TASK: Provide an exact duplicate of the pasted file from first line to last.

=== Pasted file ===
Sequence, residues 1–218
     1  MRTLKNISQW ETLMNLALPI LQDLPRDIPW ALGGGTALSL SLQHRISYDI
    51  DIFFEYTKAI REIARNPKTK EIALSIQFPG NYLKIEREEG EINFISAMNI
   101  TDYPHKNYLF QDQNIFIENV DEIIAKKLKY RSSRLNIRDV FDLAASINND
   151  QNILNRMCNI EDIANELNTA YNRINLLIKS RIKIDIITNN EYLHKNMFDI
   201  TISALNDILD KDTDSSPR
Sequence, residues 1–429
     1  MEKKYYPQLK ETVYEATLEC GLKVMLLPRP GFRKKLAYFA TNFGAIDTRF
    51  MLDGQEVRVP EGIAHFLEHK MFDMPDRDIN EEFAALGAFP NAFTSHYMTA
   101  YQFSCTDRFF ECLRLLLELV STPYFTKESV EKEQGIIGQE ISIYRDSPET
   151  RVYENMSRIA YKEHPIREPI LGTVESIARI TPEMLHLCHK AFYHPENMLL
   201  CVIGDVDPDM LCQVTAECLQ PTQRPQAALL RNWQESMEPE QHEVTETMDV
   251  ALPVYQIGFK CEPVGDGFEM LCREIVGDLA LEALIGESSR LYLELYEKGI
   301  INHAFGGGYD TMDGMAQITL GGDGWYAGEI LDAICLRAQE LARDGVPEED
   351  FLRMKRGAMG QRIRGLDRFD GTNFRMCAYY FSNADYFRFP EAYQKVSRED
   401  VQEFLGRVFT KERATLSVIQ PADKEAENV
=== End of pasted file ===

Sequence, residues 1–218
     1  MRTLKNISQW ETLMNLALPI LQDLPRDIPW ALGGGTALSL SLQHRISYDI
    51  DIFFEYTKAI REIARNPKTK EIALSIQFPG NYLKIEREEG EINFISAMNI
   101  TDYPHKNYLF QDQNIFIENV DEIIAKKLKY RSSRLNIRDV FDLAASINND
   151  QNILNRMCNI EDIANELNTA YNRINLLIKS RIKIDIITNN EYLHKNMFDI
   201  TISALNDILD KDTDSSPR
Sequence, residues 1–429
     1  MEKKYYPQLK ETVYEATLEC GLKVMLLPRP GFRKKLAYFA TNFGAIDTRF
    51  MLDGQEVRVP EGIAHFLEHK MFDMPDRDIN EEFAALGAFP NAFTSHYMTA
   101  YQFSCTDRFF ECLRLLLELV STPYFTKESV EKEQGIIGQE ISIYRDSPET
   151  RVYENMSRIA YKEHPIREPI LGTVESIARI TPEMLHLCHK AFYHPENMLL
   201  CVIGDVDPDM LCQVTAECLQ PTQRPQAALL RNWQESMEPE QHEVTETMDV
   251  ALPVYQIGFK CEPVGDGFEM LCREIVGDLA LEALIGESSR LYLELYEKGI
   301  INHAFGGGYD TMDGMAQITL GGDGWYAGEI LDAICLRAQE LARDGVPEED
   351  FLRMKRGAMG QRIRGLDRFD GTNFRMCAYY FSNADYFRFP EAYQKVSRED
   401  VQEFLGRVFT KERATLSVIQ PADKEAENV